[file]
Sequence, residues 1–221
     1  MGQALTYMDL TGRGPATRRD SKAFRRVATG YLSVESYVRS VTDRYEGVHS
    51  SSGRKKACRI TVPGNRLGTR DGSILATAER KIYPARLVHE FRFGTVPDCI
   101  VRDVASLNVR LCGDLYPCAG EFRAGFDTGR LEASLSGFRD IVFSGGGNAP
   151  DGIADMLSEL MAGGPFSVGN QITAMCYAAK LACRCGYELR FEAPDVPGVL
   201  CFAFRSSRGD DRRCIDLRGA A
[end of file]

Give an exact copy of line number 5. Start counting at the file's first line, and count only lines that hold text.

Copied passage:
   151  DGIADMLSEL MAGGPFSVGN QITAMCYAAK LACRCGYELR FEAPDVPGVL